|New head coach
Todd Dodge, nationally known head football coach at Carroll High School in Southlake and former offensive coordinator for the Mean Green, was named UNT’s 16th head football coach at a press conference Dec. 12.
During the five years that Carroll has been designated a Class 5A high school, Dodge, 43, has compiled a 77-1 record and won three state championships (Carroll is currently making a run for a fourth). He served as offensive coordinator at UNT in 1992 and 1993, directing the Mean Green offense to a per-game average of 348 yards and 26 points.
Since taking over at Carroll in 2000, Dodge has compiled an overall record of 96-11. His only loss since the beginning of the 2002 season was by a single point in the 2003 state title game. He was named National Coach of the Year by Schutt Sports in 2004 and by USA Today in 2005. More than 22 of his players have been signed to NCAA Division I athletic scholarships since he became a head coach.
A former starting quarterback for the University of Texas, Dodge threw for 2,791 yards and 18 touchdowns during his time in Austin. He still ranks ninth in both categories on the Longhorn’s all-time leaders list.
Dodge replaces Darrell Dickey, who coached for nine seasons at UNT, leading the Mean Green to four straight Sun Belt Conference championships and four appearances in the New Orleans Bowl from 2001 to 2004.
Athletic director Rick Villarreal, who made the announcement in November that Dickey would not return, said he was seeking a new coach to lead the program “to a position of prominence in the Sun Belt Conference and to a more competitive position at the national level.”
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President Gretchen M. Bataille began a national tour this fall to meet with UNT alumni and friends and spread the word about the university’s groundbreaking and innovative research and creative activities.
Her first stop was Nov. 20 in Chicago. If you are near one of her future stops, plan to meet her:
Jan. 10 — Denver
Jan. 22 — Washington, D.C.
Feb. 21 — San Antonio
Feb. 24 — Houston
March 8 — Los Angeles
Learn more about specific times and places at www.unt.edu/president/insider. If you plan to attend, please RSVP to UNT’s Division of Advancement at (940) 565-3480.
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The 2007 Department of Defense appropriations bill passed by the U.S. Senate and House of Representatives — and signed into law by President George W. Bush — allocates $4 million to UNT for nanotechnology research. The funding will be used for research conducted in the Advanced Research and Technology Institute in the College of Engineering.
ARTI intends to use a portion of the funds to enhance its capabilities in various areas of advanced energy materials. Such materials may, for example, make illumination half as energy-expensive as equivalent incandescent and fluorescent light sources. Other environment-friendly energy research also is planned as part of the initiative.
The provision for UNT in the bill was secured in the Senate by Sen. Kay Bailey Hutchison and championed in the House by Rep. Michael Burgess.
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Arts of Fashion 2006
Internationally renowned experts from Paris, London, Brussels, New York, Vienna and other fashion capitals gathered at UNT in October for Arts of Fashion 2006. The symposium attracted more than 100 students from 43 colleges and universities in the United States. From 350 entries, 50 students — including one from UNT — competed for international internships and scholarships at the national event hosted this year by the UNT School of Visual Arts.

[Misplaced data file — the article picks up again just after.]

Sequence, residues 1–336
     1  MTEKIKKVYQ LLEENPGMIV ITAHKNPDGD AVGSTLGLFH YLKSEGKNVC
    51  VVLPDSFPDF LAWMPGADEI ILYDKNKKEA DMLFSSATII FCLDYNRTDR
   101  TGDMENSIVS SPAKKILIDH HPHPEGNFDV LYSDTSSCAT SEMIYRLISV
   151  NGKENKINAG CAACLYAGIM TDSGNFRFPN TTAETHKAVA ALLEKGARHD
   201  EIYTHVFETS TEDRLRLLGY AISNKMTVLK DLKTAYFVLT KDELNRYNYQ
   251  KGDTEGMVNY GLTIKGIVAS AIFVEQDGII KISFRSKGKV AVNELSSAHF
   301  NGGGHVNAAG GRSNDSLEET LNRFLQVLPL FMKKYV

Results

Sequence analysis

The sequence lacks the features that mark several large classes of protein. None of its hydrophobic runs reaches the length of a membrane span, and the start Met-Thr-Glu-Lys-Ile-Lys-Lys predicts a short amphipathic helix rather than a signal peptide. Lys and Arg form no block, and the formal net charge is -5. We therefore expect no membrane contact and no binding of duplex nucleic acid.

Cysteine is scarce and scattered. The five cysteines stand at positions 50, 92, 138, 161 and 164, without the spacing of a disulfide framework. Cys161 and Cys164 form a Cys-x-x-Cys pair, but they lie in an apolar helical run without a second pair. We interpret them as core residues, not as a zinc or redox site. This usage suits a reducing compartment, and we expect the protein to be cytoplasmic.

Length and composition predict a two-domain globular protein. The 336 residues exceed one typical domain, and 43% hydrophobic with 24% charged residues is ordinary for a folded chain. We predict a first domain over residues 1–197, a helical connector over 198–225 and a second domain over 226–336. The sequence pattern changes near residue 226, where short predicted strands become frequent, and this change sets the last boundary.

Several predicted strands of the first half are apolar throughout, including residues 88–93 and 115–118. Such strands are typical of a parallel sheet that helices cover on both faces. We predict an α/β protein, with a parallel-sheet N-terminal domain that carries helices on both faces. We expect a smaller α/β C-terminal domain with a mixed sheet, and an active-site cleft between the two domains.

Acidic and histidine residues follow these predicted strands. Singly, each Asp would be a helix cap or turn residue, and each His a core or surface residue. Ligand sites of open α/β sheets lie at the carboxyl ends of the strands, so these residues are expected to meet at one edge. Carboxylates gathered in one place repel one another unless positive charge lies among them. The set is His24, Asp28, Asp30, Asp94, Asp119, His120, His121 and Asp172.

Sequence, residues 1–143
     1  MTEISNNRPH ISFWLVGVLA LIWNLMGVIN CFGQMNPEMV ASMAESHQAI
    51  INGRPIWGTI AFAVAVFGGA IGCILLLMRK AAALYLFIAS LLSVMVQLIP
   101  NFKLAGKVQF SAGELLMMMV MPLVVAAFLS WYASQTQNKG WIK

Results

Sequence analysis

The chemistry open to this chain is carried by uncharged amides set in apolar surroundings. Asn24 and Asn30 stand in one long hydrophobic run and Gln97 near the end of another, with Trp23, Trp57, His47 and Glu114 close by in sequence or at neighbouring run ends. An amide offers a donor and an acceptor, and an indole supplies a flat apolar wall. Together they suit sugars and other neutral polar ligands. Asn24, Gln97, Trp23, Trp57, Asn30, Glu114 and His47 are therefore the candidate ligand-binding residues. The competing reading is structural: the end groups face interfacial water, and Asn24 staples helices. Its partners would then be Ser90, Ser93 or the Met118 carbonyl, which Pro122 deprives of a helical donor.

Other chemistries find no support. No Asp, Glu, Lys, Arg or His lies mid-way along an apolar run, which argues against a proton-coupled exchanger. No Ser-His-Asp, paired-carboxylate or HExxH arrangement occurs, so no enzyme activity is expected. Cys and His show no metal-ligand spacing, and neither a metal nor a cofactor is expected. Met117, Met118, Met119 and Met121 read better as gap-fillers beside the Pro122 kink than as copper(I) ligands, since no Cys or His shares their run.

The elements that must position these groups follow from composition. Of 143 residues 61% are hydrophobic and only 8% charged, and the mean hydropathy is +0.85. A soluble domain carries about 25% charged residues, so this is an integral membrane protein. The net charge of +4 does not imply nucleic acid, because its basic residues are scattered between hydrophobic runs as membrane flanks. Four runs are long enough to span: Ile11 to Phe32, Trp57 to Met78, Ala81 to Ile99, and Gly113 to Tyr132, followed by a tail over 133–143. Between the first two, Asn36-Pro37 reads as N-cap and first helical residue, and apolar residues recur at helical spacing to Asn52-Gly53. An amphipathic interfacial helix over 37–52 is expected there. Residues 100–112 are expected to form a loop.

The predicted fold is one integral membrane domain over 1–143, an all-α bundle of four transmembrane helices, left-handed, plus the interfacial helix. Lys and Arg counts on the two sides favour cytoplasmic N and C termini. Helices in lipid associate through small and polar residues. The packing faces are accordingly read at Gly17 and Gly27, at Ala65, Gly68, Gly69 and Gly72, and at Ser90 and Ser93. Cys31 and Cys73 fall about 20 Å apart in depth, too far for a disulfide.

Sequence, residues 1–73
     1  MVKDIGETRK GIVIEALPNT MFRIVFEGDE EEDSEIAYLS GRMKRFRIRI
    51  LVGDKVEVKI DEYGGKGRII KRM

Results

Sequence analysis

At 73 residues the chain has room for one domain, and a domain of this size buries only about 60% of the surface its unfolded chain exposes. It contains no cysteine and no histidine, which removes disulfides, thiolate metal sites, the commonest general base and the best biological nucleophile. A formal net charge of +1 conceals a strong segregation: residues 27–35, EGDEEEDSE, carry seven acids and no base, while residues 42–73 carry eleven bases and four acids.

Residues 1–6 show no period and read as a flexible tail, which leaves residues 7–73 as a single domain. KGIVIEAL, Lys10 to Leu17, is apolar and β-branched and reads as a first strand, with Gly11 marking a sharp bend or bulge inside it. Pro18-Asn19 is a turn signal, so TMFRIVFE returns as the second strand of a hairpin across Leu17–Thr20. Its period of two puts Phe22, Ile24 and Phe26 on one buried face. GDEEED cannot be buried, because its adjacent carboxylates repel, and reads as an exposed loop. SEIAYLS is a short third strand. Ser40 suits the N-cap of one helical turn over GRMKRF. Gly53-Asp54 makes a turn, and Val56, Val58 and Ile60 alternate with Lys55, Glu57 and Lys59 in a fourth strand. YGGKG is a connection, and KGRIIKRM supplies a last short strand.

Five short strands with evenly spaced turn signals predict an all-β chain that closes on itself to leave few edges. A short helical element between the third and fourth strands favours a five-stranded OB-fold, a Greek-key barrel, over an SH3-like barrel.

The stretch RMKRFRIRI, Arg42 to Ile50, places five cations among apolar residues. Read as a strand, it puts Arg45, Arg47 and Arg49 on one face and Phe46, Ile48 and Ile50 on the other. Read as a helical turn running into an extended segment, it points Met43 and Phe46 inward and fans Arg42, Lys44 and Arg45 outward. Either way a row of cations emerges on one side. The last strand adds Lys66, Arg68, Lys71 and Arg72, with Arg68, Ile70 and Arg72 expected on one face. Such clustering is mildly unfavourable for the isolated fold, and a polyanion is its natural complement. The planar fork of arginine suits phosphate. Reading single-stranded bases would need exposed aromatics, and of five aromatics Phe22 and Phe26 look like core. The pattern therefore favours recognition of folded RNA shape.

Arts of Fashion 2006 began with a four-day series of master class workshops by designers such as Crstof Beaufays of Jean-Paul Gaultier, Francois Broca of Paris’ Schools of the Chambre Syndicale, Tony Delcampe of Belgium’s School La Cambre, Wendy and Jim of Austria, and many others. Olivier Saillard, of the Musee de la Mode et du Textile and the Sorbonne in Paris, opened the symposium.
The competition culminated in a Paris-style runway fashion show and awards ceremony in the Silver Eagle Suite in the University Union. The students’ creations were judged by the visiting designers.
UNT’s Krissi Riewe, who graduated in May, submitted a sketch to the contest when she was still a student in the fashion design program. Designers were asked to interpret the theme “the expression of the body and mind.” Riewe says she was happy to make it to the final round and have her gown displayed in the runway show.
Janie Stidham, associate professor of visual arts and coordinator of the fashion design program, says that the backers of the prestigious contest sought out UNT for the location of the competition. The event, in its fifth year, was originally held in Paris. This was its debut in Texas.
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The Department of History’s annual Military History Seminar has been named after its founder, Alfred F. Hurley, President Emeritus of UNT and Chancellor Emeritus of the UNT System. Hurley, who is a nationally recognized military historian and a retired Air Force brigadier general, began the seminar series at North Texas in 1983.
The invitation-only seminar held each fall brings together about 200 business and community leaders and military historians from the Dallas-Fort Worth area and across Texas for a day of discussion on a set theme.
The announcement that the seminar was being named for Hurley, who held the university presidency for 20 years — longer than any other chief executive in UNT’s history — was made Oct. 14 at this year’s seminar, which focused on 21st-century warfare.